Due to COVID-19, this year’s Olympics may not be open to most spectators, but as dozens of cameras record every jump, dive and flip, the eyes of the world are still on the athletes.Among all the broadcasting equipment, track and field athletes may notice the five additional cameras-this is the detailed first step 3D tracking A system that provides audiences with near-instant insight into every step of the game or every step of the baton.
Tracking is just the beginning. The technology exhibited in Tokyo shows that the future of elite sports training lies not only in collecting data about the human body, but also in using this data to create a digital replica of the human body. These avatars can one day use hypothetical scenarios to help athletes decide which choices will produce the best results.
The tracking system used in Tokyo is an Intel product called 3DAT, which can input real-time footage into the cloud. There, artificial intelligence programs use deep learning to analyze athletes’ movements and identify key performance characteristics, such as top speed and deceleration. The system uses slow-motion graphic representations of actions to highlight key moments and share this information with the audience. The whole process, from shooting the lens to playing analysis, takes less than 30 seconds.
For example, during the NBC broadcast of the 100-meter test run in Eugene, Oregon, artificial intelligence showed how Sha’Carri Richardson reached 24.1 mph at her peak and decelerated to 20.0 mph when she reached the finish line . This was enough to win the race: Richardson’s runner-up reached a top speed of 23.2 mph and slowed down to 20.4 mph on the line.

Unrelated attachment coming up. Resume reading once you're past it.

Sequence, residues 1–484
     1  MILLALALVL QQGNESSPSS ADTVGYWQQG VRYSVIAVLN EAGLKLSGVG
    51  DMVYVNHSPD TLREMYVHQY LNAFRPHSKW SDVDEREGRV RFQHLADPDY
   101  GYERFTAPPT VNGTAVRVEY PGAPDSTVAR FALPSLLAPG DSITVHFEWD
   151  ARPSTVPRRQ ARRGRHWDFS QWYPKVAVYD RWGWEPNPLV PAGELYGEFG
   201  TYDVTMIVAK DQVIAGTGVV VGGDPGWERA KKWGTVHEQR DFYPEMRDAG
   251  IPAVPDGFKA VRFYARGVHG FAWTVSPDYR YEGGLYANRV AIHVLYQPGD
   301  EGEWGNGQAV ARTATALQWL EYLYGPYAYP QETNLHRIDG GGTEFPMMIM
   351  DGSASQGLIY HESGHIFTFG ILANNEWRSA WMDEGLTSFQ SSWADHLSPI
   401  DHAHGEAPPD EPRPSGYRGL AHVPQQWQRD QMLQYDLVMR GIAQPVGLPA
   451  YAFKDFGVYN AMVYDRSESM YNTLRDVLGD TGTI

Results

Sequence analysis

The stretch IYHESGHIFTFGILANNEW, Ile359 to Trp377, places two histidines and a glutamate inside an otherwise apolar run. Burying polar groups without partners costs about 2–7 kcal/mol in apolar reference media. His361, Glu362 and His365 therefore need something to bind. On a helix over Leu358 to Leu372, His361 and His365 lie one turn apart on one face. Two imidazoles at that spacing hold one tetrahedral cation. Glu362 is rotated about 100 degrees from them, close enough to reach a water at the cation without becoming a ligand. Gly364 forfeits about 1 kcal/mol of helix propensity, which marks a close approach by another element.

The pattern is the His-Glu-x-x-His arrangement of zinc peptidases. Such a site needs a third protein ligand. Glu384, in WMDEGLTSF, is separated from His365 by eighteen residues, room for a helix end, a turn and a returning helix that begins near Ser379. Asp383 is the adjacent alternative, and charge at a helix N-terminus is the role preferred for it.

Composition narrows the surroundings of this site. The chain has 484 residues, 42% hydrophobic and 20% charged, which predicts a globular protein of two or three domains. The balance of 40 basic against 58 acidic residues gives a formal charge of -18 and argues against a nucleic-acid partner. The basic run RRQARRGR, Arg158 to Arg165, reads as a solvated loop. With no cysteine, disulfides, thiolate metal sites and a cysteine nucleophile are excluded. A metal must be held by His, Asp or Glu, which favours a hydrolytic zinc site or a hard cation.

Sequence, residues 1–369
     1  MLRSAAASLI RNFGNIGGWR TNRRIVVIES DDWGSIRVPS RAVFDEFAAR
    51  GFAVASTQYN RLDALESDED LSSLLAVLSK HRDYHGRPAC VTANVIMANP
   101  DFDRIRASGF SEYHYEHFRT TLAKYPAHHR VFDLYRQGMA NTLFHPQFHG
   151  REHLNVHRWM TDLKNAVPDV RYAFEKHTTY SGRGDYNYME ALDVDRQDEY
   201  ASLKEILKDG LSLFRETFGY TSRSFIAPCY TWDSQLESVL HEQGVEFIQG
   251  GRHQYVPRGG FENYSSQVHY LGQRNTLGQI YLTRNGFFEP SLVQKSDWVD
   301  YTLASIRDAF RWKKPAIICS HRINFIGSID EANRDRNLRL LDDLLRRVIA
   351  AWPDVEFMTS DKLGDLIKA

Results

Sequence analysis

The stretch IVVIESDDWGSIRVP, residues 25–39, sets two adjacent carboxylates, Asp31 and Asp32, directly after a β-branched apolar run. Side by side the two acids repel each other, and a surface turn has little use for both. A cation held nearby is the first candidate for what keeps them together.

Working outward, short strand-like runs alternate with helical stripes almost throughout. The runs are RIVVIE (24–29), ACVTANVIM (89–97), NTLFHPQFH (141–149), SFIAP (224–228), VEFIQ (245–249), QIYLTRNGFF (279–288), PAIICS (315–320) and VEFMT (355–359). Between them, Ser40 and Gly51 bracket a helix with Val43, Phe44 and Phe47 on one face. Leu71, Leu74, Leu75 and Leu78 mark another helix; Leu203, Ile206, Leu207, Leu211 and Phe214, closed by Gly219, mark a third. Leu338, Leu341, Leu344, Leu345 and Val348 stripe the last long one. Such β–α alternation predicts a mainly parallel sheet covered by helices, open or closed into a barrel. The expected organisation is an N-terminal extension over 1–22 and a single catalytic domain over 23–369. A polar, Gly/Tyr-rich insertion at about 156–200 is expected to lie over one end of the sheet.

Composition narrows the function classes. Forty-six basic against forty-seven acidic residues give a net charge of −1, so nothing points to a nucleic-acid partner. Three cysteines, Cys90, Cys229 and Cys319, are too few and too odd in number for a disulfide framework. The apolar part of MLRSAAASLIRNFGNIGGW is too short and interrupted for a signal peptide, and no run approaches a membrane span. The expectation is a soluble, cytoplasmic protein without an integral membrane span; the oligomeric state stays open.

“It’s like having your own personal commentator point you out during a game,” said Jonathan Lee, director of sports performance technology at Intel Olympic Technology Group.
In order to train their Olympic artificial intelligence through machine learning, Lee and his team must capture as many sports shots of elite track and field athletes as possible. They need to record the human body performing specific actions, but pre-existing footage used in similar research shows ordinary people in motion, which confuses the algorithm, Lee said. “People don’t usually get to be perfectly level in the air at seven feet,” he pointed out, but world-class high jumpers often reach such heights.
In the video, an Intel team manually annotated every part of the body-eyes, nose, shoulders, etc., pixel by pixel. Once these key points are determined, the model can begin to connect them in three dimensions until it has a simplified rendering of the athlete form. Tracking this “skeleton” enables the program to perform 3-D pose estimation (a computer vision technique that tracks an object and tries to predict its possible changes in space) on the athlete’s body.